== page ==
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Unpredictable and daring, highly controlled and yet somehow haywire, the five short stories included here are some of Bola's best. Whether they concern a stalwart rodent detective trying to investigate the mysterious deaths of his fellow rats, an elderly judge giving up his job in the city for an improbable return to the family farm in the pampas, or a confrontation between an elusive film-maker and the little-kwn Argentinian velist whose work he's plagiarized for years, they are as haunting as they are enthralling. In addition, The Insufferable Gaucho offers, for the first time in English, two essays: 'Literature + Illness = Illness' and 'The Myths of Cthulhu'. Provocative and often scathing, these essays are alive with Bola's trademark humour, violence and utter faith in the power of the written word. Roberto Bola confirmed his place as a giant of Latin American literature with his vels The Savage Detectives and 2666. He is undoubtedly, as Susan Sontag said, 'the real thing and the rarest'. The Insufferable Gaucho was the last book he prepared for publication before he died in 2003.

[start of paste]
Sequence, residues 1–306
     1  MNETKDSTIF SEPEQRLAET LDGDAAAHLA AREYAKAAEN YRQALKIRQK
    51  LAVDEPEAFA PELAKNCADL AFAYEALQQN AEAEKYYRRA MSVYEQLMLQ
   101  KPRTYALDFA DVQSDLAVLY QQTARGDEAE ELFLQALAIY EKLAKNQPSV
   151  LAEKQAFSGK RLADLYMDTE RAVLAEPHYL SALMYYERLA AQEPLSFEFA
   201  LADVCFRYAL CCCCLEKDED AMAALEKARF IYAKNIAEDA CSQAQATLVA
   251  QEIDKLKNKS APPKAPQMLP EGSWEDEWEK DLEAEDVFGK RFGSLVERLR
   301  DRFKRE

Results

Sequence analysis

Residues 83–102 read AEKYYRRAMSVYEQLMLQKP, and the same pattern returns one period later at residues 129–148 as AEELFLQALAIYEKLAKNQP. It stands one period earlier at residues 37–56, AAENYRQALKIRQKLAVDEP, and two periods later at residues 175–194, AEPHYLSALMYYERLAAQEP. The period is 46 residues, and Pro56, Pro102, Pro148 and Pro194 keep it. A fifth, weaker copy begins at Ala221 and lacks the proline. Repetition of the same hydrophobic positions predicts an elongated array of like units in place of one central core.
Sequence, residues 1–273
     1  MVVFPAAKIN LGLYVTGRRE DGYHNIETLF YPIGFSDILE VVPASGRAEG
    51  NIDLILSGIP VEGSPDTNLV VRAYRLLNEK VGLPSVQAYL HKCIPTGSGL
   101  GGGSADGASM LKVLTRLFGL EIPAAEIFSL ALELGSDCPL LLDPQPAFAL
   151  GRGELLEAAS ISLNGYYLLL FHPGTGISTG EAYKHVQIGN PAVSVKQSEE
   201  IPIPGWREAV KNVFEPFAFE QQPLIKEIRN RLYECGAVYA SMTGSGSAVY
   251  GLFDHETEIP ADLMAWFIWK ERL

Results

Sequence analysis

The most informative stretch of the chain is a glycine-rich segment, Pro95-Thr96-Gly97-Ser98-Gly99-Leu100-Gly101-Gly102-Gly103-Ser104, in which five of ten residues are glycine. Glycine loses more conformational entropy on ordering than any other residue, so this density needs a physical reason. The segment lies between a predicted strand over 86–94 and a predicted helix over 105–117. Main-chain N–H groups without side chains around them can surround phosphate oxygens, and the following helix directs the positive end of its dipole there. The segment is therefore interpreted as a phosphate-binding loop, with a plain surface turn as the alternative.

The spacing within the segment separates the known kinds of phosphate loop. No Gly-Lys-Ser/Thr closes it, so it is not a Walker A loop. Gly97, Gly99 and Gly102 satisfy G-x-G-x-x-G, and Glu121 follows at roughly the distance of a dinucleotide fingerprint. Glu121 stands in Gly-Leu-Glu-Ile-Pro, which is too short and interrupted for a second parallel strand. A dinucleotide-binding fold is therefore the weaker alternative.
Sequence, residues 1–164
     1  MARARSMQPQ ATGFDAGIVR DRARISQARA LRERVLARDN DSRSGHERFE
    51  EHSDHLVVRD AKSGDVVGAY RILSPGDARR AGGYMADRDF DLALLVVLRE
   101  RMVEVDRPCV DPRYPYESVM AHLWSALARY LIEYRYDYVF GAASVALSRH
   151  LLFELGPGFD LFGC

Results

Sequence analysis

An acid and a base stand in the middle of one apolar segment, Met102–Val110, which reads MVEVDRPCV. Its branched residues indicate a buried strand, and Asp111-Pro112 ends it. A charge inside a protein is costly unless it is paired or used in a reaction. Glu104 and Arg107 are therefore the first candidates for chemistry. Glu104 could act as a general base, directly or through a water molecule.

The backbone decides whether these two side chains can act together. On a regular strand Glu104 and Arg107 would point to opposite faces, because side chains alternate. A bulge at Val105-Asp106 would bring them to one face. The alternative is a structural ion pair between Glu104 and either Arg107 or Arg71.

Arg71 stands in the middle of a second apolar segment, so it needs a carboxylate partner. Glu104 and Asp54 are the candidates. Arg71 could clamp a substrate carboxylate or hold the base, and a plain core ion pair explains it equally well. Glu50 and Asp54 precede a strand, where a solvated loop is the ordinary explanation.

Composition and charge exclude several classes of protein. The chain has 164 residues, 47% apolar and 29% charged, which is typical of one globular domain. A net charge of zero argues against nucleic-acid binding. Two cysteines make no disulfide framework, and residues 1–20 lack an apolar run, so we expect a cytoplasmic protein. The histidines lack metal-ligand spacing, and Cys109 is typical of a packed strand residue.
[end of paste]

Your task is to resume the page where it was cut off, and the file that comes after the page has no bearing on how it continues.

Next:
Roberto Bolano was born in Santiago, Chile, in 1953. He grew up in Chile and Mexico City. He is the author of The Savage Detectives, which received the Herralde Prize and the Romulo Gallegos Prize, and 2666, which won the National Book Critics Circle Award. He died in Blanes, Spain, aged fifty.